China Eastern Airlines currently operates 32 A319s, 256 A320s, 68 A321s, 50 A330s, and 16 Airbus A350 XWBs, from the Airbus family. MU also flies 88 Boeing 737s and 20 Boeing 777s from the Boeing family.

Photo: British Airways

International Airlines Group (IAG)

International Airlines Group (IAG) is one of the world’s largest airline groups. As of the latest reports, the London-headquartered airline employed 56,658 people.

International Airlines Group members operate a fleet of 558 aircraft and serve more than 256 destinations. According to IAG, it carries around 94 million passengers each year.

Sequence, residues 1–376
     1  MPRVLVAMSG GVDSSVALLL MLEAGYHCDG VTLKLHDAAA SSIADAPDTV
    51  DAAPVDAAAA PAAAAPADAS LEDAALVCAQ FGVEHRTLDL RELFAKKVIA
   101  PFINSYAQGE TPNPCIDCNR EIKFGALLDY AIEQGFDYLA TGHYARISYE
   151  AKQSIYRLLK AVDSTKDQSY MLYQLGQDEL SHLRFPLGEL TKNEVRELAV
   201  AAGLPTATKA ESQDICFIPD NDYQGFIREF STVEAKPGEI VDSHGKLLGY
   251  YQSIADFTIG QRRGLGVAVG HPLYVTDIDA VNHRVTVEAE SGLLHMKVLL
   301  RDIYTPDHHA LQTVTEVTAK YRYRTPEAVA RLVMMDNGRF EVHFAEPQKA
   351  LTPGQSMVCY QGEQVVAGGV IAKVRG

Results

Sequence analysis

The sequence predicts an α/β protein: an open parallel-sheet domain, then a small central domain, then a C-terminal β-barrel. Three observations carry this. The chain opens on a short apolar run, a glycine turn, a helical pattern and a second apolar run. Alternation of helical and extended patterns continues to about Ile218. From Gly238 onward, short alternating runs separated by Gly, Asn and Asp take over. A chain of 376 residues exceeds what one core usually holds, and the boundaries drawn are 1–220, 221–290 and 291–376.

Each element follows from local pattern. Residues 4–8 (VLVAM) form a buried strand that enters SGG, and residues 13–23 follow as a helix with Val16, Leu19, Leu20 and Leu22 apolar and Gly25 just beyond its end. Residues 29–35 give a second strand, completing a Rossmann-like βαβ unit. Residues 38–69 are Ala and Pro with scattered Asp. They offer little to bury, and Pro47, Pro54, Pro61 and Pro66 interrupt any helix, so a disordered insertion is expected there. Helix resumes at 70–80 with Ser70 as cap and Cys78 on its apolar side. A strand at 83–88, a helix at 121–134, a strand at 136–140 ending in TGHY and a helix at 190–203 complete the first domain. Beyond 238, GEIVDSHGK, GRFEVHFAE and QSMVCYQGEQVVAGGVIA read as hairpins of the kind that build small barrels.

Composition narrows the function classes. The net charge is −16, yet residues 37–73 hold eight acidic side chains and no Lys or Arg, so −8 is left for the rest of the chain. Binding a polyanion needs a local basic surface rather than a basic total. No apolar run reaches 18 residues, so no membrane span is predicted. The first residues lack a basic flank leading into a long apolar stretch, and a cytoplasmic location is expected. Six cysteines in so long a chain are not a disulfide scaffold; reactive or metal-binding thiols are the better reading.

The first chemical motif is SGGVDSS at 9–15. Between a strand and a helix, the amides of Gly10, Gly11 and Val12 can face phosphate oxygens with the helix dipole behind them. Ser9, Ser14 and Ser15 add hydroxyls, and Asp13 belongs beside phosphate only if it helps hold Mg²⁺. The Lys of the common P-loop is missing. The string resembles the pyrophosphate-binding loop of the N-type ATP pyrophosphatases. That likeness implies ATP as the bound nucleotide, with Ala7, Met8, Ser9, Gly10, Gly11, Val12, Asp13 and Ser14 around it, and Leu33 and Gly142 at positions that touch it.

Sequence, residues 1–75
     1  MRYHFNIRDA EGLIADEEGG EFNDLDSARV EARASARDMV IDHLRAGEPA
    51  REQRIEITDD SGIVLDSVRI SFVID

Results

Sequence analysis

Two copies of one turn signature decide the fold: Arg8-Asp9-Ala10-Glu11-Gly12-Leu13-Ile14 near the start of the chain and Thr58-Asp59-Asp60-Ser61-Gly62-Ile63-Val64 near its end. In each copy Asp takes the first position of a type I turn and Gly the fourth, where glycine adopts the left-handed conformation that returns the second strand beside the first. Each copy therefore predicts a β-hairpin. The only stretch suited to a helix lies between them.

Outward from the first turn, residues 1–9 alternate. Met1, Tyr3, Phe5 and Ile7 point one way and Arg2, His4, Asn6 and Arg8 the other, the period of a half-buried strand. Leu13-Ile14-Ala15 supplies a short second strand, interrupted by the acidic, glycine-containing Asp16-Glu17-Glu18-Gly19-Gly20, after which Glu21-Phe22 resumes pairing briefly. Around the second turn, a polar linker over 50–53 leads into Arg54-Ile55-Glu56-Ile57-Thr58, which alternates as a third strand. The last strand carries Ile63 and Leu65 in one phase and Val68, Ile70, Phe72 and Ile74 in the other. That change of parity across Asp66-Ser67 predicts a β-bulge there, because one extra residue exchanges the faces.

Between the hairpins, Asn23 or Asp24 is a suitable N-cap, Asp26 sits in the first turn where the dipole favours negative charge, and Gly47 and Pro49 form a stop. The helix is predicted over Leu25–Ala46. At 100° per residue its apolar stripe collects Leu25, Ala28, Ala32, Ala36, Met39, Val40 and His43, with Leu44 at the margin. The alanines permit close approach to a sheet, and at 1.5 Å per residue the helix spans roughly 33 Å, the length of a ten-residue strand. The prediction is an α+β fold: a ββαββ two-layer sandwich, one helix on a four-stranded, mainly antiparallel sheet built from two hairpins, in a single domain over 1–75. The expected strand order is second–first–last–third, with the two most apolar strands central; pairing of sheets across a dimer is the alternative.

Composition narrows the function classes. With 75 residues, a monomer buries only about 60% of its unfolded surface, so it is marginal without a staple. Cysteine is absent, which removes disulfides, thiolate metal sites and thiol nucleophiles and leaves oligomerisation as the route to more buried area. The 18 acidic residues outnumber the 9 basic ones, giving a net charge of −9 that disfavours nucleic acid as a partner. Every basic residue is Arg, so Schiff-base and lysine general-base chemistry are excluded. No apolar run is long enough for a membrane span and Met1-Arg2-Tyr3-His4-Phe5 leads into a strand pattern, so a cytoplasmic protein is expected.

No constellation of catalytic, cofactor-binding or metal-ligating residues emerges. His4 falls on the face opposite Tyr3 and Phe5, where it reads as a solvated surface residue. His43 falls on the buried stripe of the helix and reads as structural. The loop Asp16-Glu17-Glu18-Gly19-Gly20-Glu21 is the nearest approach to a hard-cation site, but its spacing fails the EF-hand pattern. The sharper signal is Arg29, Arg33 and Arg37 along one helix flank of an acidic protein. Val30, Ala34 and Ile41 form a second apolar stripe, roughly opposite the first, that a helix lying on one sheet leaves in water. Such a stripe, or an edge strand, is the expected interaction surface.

N8828L Southwest Airlines Boeing 737-8 KPAE. Photo: Brandon Siska/Airways

Southwest Airlines

Southwest Airlines (WN) is the largest operator of the Boeing 737 worldwide. The Dallas-based airline employs 55,000 according to the latest airline report.

Southwest deploys a fleet of 793 Aircraft (+86 on order/planned) and serves 42 US states. According to the airline, it operates about 4,000 departures a day with a strong fleet of close to 800 Boeing 737s.

ANA – All Nippon Airways JA897A Boeing 787-9 Dreamliner. Photo: Max Langley/Airways

ANA All Nippon Airways

As of 2022, the Tokyo, Japan-headquartered ANA All Nippon Airways (NH) employed 46,580 people. The airline operates a fleet of 212 aircraft.

ANA currently operates 11 A320s, 26 A321s, and 39 Boeing 737s in the narrow-body segment. NH operates 3 Airbus A380s, 24 Boeing 767s, 30 Boeing 777s, and 79 Boeing 787 Dreamliner in the wide-body sector.

F-HTYC Air France Airbus A350-900 named ‘Saint Denis de La Réunion’. Photo: tony Bordelais/Airways

Air France-KLM